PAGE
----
“This is my partner, Meg.”
I remember that transition. It was weird. You had to call your unmarried live-in main-squeeze SOMETHING and “partner” was the word that seemed to have the most caché. It wasn’t sexist or diminishing like “girlfriend” or “boyfriend.” Meg would always be willowy and faux-independent. She would cling to Larry’s arm more tightly than would a wife, but they were in an open relationship.
I always thought Larry was in an open relationship. Meg was probably hoping to get married, but I was probably wrong.
In my life, the word “pardner” was nicer. It was a word my Uncle Hank would say to me to get me away from the noise of the family, whatever noise — my mom and her sisters, my cousins, my brother, whatever was going on that made me unhappy. “C’mon pardner, I have a job for you,” and I would follow him. Sometimes we’d go to the garage and work on a car. Sometimes we’d go to the shop and he’d show me his latest saw or the boxes he was making. Sometimes we’d just take a slow walk to the back 40 and back to the house.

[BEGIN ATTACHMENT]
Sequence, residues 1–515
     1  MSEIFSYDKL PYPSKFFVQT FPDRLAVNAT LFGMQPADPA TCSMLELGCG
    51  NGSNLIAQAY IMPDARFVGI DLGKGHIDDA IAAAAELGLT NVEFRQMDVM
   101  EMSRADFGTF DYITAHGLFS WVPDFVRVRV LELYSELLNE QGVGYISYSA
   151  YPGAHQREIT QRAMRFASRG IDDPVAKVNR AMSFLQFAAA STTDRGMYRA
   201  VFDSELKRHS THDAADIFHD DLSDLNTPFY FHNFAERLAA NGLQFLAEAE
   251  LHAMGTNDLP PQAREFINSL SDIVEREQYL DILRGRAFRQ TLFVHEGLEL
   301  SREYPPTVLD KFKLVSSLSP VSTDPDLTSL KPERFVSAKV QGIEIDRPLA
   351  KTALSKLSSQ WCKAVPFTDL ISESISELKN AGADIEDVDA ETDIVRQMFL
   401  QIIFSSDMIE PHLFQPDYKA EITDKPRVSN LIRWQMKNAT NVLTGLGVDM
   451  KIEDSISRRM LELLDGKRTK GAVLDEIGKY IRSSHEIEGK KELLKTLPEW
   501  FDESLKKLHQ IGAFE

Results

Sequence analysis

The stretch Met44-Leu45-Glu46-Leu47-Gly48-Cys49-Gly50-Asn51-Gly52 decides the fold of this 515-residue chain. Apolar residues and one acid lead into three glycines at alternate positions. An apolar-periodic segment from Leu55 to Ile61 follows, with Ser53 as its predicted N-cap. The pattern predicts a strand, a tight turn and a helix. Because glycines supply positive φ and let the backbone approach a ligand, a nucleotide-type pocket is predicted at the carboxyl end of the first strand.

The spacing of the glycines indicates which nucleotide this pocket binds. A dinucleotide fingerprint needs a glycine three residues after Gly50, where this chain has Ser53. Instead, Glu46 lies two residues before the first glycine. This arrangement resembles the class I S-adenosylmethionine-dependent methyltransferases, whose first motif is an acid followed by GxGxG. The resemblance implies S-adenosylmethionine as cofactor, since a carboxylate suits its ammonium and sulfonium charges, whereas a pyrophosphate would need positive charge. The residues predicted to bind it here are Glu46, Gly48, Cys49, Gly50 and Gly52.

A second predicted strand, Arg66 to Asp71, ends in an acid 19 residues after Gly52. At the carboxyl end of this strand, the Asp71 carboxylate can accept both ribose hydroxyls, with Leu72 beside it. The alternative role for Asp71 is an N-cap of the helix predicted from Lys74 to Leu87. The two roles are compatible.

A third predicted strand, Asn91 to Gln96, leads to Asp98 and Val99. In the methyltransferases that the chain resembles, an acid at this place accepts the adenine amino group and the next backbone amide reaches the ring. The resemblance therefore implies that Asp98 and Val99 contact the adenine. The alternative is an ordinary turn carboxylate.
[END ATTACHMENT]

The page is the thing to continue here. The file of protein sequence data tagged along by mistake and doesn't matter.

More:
When I was grown up, sometimes it was my idea. “You wanna’ go for a ride out west of town in Little Red?” (the name of his old Mitsubishi small pickup. The first time I proposed this — and we went — he said, “Well by golly, Martha Ann, you can drive a stick.”
“You wanna’ go get coffee at McDonalds?” (He liked that.) “You want to go shopping for Jo’s Christmas present?” (That was a howl for both of us.)
Pardnership is knowing your pal well enough to know when they need to escape, and good pardnerships are rare. I miss my pardner very much.